Tuesday, 13 May 2014 | MYT 9:57 AM
New Zealand PM hints few election year budget sweeteners
WELLINGTON, May 13, 2014 (AFP) - Prime Minister John Key has said there will be no big-spending promises in the New Zealand budget to be unveiled on Thursday, despite a buoyant economy and an election looming this year.
Key said he has resisted the temptation to roll out the pork barrel as he seeks a third term in office on September 20, instead opting to pursue his long-term goal of moving the government's books back into the black.
"Just because there's a general election coming in September, we will not be spending large amounts of new money," the conservative leader told a business function in Wellington last week.
"That would stop us getting back to surplus, push up interest rates even higher, and prevent us paying down debt.
"This government won't be losing sight of the need to maintain a tight watch on spending."
The government last year predicted it would turn a NZ$6.3 billion ($5.4 billion) deficit in 2012/13 into a narrow NZ$75 million surplus within two years and Key said recent data showed it remained on track to achieve the goal.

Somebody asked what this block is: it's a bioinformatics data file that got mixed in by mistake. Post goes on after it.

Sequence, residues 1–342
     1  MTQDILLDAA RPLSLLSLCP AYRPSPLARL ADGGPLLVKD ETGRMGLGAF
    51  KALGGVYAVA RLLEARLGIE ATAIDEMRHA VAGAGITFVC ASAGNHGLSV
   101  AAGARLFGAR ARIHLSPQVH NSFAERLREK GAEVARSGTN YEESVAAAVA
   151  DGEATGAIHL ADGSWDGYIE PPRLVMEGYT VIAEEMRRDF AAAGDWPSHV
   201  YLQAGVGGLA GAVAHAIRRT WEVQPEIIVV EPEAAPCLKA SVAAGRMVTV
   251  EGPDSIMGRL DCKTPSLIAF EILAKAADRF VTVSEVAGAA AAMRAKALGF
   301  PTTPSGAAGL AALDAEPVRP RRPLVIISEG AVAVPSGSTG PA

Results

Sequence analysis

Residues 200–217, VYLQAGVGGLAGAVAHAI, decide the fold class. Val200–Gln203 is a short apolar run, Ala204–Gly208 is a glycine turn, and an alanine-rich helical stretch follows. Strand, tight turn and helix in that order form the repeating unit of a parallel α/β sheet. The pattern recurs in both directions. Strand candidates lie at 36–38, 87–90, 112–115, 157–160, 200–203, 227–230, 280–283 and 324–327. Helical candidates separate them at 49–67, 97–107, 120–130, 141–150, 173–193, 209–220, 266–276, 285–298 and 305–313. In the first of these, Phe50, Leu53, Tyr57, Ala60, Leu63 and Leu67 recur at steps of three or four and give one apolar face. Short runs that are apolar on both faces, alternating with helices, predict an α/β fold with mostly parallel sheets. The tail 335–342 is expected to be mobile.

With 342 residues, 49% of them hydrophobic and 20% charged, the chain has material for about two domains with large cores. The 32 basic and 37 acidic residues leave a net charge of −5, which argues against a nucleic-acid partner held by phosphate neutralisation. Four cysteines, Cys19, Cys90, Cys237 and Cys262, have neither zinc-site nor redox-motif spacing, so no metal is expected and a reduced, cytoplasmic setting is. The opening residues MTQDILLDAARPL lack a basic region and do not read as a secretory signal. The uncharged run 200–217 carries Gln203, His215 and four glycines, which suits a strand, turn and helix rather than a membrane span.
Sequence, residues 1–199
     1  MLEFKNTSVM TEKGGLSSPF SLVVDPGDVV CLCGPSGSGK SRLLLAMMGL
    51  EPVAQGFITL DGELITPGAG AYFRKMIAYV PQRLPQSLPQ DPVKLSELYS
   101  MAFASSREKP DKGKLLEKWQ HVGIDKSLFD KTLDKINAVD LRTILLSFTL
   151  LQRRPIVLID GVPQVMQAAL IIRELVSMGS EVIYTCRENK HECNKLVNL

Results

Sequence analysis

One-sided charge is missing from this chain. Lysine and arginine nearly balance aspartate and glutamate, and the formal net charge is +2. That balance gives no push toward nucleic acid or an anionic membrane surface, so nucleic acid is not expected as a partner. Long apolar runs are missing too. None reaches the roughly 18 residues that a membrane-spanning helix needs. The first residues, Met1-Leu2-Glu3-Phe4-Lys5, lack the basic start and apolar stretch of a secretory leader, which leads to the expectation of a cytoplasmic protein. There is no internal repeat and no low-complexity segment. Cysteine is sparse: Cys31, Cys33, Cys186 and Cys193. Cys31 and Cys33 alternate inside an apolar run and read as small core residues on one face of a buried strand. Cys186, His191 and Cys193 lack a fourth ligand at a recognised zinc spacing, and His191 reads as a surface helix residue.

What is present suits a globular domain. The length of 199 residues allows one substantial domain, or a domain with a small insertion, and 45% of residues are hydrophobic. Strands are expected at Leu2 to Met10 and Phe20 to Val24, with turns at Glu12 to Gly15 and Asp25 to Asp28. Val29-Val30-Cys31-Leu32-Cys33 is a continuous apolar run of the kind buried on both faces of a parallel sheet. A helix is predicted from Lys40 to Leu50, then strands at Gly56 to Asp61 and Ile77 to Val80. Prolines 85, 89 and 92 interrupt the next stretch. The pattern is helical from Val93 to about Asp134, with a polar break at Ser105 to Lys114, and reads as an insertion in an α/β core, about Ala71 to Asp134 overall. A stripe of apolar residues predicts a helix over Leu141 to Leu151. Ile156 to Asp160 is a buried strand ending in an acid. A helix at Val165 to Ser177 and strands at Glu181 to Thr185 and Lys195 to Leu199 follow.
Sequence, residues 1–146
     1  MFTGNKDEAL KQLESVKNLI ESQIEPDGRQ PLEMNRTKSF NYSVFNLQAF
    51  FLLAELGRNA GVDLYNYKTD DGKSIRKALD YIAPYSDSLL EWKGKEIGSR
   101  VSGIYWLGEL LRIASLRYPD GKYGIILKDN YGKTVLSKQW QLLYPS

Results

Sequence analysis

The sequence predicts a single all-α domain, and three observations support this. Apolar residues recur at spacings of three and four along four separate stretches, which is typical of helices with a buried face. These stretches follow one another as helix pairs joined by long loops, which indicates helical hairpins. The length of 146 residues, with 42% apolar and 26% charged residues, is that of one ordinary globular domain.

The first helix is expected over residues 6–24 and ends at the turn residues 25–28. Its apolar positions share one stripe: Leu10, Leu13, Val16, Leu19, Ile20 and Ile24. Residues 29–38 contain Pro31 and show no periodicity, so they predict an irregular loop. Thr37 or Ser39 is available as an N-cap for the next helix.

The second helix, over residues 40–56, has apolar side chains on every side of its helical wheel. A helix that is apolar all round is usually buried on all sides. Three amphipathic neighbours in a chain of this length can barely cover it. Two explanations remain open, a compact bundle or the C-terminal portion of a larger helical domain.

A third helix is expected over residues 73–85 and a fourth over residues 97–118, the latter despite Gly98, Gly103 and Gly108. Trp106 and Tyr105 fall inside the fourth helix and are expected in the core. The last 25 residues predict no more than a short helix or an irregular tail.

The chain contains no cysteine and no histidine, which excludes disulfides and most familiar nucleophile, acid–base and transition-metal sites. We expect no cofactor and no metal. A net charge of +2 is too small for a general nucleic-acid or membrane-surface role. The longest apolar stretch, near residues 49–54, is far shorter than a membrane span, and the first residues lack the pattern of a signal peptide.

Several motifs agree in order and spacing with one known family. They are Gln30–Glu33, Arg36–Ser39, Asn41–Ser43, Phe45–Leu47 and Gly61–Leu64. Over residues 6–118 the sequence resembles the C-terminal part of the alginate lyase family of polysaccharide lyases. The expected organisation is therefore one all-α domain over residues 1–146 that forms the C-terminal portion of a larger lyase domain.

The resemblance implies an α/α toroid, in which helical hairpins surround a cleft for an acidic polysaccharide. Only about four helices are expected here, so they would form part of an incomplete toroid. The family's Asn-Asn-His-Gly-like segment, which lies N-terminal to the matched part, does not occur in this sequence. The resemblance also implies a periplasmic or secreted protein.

The farm-reliant economy, which generates gross domestic product (GDP) of more than NZ$140 billion (US$115 billion) annually, grew an estimated 3.5 percent in the year to March, making it one of the developed world's best performers.
The growth has been fuelled by high prices for its agricultural exports, particularly from China, and a booming construction sector stimulated by an NZ$40 billion rebuild in Christchurch following a 2011 earthquake that claimed 185 lives.
Finance Minister Bill English indicated the government would adopt a "steady as she goes" approach amid signs the fiscal restraint of recent years was finally paying off.
"The track to surplus is just one indicator confirming the economy is heading in the right direction," English said.
"As the budget will show, the government's economic programme is making good progress in supporting more jobs, higher incomes, increased business investment and better public services."